Ibadan, Nigeria – Hopes of stepping up oil exploration in Nigeria’s Lake Chad Basin have been dashed by the brutal attacks of Islamic Boko Haram and the Ansaru sect terrorists in the country’s northeastern region.
Between 2011 and 2013 the Nigerian government provided $240 million to facilitate oil and gas exploration activities in the Lake Chad Basin and other northern hydrocarbon basins, including the Benue Trough, Bida Basin and the Sokoto-Rima Basin in northern Nigeria, said Jerry Gana, a former minister of information and chairman of the Northern Economic Summit.
Oil prospecting in the Lake Chad Basin was “yielding promising results and may lead to commercial exploration of oil and gas this year,” Nigeria’s Vice President Namadi Sambo said in a 2013 article in The Weekly Trust. Three blocks were identified for potential oil and gas exploration, and hopes were to begin exploration work by 4Q 2013 or 1Q 2014.
But the deadly activities of the Boko Haram insurgents halted plans.
The U.S. government designated the Boko Haram and Ansaru as foreign terrorist organizations on Nov. 13, 2013.
“In the last several years Boko Haram and Ansaru have been responsible for thousands of deaths in northeast and central Nigeria, including dozens of attacks on churches and mosques, targeted killing of civilians, and the 2011 bombing of the United Nations building in Abuja that killed 21 people and injured dozens more,” White House Homeland Security adviser Lisa Monaco said in a statement.
Boko Haram, which has its base in Maiduguri, capital of Borno state, has killed thousands of people since 2009, according to the New York-based Human Rights Watch.
Despite Nigerian President Goodluck Jonathan declaring in May 2013 a state of emergency in Borno, Yobe and Adamawa, the three northern states in which Boko Haram is actively operating, and the deployment of thousands of troops in the states, the Islamic sect has not been defeated by the government.
It has instead staged attacks since the beginning of the year. Human Rights Watch said Boko Haram has carried out more than 40 attacks this year which have killed roughly 700 people. “The horrific attacks by Boko Haram are having a devastating impact on northern Nigerians,” said Daniel Bekele, Africa director at Human Rights Watch.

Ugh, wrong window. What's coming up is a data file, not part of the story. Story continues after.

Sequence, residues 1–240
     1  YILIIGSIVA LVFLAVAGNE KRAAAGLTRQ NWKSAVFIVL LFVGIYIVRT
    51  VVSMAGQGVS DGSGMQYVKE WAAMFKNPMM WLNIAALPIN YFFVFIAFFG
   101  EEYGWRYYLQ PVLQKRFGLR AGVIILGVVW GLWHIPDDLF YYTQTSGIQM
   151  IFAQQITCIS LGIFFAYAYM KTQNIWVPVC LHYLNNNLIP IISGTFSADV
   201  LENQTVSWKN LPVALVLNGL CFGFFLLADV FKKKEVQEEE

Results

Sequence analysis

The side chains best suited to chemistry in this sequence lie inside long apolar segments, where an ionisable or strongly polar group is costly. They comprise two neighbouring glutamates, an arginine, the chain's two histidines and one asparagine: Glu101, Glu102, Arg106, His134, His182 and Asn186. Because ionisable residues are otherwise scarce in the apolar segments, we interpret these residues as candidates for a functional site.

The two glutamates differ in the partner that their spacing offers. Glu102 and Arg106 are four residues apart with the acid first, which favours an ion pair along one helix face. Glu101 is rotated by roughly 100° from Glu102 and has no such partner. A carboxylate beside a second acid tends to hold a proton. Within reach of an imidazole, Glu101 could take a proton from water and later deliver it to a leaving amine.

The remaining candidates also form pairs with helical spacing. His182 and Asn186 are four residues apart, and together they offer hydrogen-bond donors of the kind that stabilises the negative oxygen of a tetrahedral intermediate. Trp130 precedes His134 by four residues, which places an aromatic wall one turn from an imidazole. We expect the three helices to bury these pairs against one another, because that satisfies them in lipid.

The sect has effectively curtailed oil and gas E&P activities in the Lake Chad basin and other inland basin in northern Nigeria. Low performance in the region last year was the result of increased insurgent activities in the region, Andrew Yakubu, group managing director of the state-run Nigerian National Petroleum Corp. (NNPC) said March 5 before the Senate Committee on Petroleum (Upstream) in Abuja.
Fear of being killed by Boko Haram insurgents have prompted technical personnel who provided support services for exploration activities to leave the northeast, while geologists in the NNPC also have avoided the area, according to news reports.
In addition, oil workers in the Petroleum and Natural Gas Senior Staff Association of Nigeria in 2013 warned that its members would abandon the region because of Boko Haram.
An oil expert in Lagos said Nigeria will be unable to add oil from the Lake Chad Basin and other inland basins in northern Nigeria to its reserves because of the slowdown or stoppage of exploration in the area. It also dashed northerners’ hopes of getting money from oil production in the region that could be used to improve the local economy and reduce poverty.
The northern region’s youth won’t acquire the technological skills that would have been gained from the prospecting and production of oil in the region, he added, while investors would be scared from investing in the region because of the Boko Haram insurgency.
High Hopes Remain
Officials of the NNPC raised hopes that oil could be found in the Lake Chad Basin and other inland basins, especially considering oil was found in commercial quantities in Nigeria’s southeast Anambra basin.
Nigeria’s Oil Minister Diezani Alison-Madueke said in 2013 that there was a possibility that Nigeria may find oil in commercial quantities in the Lake Chad Basin because of the discoveries of commercial hydrocarbon deposits in nearby Chad, Niger and Sudan, which have structural settings that are similar to Chad Basin.
“Therefore, it is prudent to aggressively explore the Chad basin for possible hydrocarbon deposits,” Alison-Madueke said.
In addition, Oluwole Oluleye, executive secretary of the Petroleum Technology Development Fund, said on March 13 that an oil discovery in the Nigerian sedimentary basin was achievable.
“The discovery of oil in neighboring Niger and Chad Republic has given an encouraging prospect of oil discovery in the Nigerian sedimentary basins,” he said at an annual oil and gas research grant competition in Abuja.
Nigeria is looking at areas other than the Niger Delta oil region to boost reserves estimated at between 35 Bbbl and 37 Bbbl. “Nigeria aims to raise its oil reserves to 40 Bbbl in the near future,” Yakubu said.